A muffler (North America) or silencer (outside North America) is a device for reducing the amount of noise emitted by a machine such as an internal combustion engine. The first was invented by Hiram Percy Maxim to silence firearms. When used on internal combustion engines, the engine exhaust blows out through the muffler.
Mufflers are typically installed along the exhaust pipe of the engine. They usually contain a series of baffles to absorb sound, although the majority of the noise reduction is not through absorption but through destructive interference in the muffler itself. The muffler accomplishes this with a resonating chamber, which is specifically designed such that opposite sound waves are likely to collide, canceling each other out.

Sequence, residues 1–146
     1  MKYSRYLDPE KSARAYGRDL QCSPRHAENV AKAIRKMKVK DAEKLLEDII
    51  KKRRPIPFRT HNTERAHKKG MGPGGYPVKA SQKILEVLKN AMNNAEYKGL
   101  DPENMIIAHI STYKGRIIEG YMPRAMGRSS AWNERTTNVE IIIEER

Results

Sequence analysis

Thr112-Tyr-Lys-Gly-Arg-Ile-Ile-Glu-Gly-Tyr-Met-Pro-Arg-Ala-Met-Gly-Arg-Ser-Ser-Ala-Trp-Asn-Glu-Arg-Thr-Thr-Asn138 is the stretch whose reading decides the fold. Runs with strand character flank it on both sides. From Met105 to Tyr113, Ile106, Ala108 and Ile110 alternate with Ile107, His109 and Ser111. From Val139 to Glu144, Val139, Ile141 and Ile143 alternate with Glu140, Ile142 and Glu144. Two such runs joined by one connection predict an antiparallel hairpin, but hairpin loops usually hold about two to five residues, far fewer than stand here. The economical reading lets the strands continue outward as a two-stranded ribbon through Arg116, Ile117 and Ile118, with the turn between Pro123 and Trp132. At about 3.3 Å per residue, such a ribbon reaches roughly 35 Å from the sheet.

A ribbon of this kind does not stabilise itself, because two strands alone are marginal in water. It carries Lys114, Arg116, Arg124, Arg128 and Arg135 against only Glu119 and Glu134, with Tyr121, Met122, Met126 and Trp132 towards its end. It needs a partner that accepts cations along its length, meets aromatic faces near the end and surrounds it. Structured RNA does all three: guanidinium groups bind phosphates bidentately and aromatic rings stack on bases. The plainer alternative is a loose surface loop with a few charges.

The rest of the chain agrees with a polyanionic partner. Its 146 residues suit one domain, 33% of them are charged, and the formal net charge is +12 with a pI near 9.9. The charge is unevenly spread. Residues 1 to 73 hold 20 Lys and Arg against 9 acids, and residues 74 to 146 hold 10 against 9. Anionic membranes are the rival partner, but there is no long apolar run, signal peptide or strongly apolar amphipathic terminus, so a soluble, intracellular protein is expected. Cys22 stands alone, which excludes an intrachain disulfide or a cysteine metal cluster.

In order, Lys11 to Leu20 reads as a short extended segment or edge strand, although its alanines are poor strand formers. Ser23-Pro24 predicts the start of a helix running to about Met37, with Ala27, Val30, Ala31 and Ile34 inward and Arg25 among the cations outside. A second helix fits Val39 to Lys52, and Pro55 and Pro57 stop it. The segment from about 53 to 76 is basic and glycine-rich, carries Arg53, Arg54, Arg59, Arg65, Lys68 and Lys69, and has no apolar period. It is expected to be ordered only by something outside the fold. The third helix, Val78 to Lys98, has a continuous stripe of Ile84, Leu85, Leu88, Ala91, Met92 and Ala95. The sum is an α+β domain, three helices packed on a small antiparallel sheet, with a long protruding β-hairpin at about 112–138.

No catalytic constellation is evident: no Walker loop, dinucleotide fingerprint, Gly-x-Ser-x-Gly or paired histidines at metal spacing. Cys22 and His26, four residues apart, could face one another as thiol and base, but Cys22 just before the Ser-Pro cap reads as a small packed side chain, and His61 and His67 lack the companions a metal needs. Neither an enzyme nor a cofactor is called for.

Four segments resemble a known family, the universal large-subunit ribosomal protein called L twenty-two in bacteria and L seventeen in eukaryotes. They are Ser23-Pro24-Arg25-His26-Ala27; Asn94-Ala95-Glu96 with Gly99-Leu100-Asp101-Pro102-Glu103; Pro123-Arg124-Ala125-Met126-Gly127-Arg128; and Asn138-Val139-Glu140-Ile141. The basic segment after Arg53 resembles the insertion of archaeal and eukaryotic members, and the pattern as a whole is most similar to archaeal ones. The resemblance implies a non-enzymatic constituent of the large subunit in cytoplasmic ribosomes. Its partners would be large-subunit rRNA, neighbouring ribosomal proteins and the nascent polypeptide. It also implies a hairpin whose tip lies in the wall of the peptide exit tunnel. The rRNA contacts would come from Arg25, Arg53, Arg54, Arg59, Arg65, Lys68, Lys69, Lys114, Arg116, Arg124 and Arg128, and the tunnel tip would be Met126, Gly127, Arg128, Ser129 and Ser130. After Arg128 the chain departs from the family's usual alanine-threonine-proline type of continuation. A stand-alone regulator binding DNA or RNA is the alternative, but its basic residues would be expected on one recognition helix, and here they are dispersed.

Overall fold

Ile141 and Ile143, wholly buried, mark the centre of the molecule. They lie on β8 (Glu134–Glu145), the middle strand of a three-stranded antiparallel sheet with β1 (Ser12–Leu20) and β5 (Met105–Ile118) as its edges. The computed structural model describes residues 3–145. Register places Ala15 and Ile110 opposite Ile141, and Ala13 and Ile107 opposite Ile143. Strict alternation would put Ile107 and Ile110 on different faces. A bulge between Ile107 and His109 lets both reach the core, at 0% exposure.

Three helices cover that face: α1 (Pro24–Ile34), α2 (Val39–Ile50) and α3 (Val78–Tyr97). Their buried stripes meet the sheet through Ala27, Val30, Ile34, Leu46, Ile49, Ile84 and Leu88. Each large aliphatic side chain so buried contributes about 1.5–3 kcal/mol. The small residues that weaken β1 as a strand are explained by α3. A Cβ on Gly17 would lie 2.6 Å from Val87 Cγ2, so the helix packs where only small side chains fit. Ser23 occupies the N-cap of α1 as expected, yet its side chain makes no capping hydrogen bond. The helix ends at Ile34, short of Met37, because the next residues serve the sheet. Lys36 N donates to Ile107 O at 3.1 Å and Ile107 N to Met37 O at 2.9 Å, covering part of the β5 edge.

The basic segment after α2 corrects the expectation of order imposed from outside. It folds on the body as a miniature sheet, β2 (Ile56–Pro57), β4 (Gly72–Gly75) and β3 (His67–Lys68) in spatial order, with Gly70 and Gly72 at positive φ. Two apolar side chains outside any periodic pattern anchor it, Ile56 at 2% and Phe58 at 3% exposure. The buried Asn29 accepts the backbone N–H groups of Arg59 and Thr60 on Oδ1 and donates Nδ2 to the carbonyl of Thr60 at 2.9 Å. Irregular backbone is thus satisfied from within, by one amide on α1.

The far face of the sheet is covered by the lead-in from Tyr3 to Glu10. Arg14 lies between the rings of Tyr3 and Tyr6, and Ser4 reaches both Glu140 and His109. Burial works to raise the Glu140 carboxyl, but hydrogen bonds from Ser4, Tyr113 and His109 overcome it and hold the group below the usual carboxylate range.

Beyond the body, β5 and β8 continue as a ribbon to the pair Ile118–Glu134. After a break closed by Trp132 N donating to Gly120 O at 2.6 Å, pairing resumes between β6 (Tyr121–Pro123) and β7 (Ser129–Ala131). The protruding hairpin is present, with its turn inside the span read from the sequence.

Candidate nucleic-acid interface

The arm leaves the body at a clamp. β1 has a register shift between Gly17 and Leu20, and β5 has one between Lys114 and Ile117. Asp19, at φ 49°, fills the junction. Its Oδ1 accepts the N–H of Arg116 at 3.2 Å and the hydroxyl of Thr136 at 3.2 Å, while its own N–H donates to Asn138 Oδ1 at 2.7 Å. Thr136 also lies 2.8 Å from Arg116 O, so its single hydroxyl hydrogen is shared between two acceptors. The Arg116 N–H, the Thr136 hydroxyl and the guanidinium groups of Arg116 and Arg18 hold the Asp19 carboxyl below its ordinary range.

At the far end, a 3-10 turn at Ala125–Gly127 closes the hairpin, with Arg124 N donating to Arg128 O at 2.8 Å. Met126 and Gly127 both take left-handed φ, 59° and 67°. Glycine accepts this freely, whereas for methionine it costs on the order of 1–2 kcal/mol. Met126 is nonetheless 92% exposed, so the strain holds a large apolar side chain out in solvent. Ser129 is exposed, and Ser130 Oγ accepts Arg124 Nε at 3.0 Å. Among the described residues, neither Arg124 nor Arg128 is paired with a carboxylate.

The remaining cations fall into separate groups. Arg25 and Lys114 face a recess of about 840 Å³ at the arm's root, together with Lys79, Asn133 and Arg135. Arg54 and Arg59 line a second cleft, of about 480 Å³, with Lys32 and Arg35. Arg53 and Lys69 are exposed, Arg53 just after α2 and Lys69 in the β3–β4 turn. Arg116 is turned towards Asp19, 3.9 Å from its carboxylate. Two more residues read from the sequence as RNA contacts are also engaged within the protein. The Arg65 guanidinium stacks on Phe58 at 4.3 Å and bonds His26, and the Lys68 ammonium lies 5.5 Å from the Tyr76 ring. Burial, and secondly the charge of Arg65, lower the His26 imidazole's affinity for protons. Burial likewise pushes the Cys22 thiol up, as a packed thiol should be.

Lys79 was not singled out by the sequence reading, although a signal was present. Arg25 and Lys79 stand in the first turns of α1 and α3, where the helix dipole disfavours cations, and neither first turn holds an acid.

Catalytic converters also often have a muffling effect.
While the goal is to absorb energy that would otherwise be released as sound into the environment, mufflers do force engines to work somewhat harder pushing exhaust gas through them. Therefore, it is a common performance tuning practice to replace stock mufflers with versions that require less energy to force the gas through (usually described as lowering the "back pressure"). Such accessory chamber pipe mufflers can often increase an engine's power, but usually at the cost of less effective noise suppression.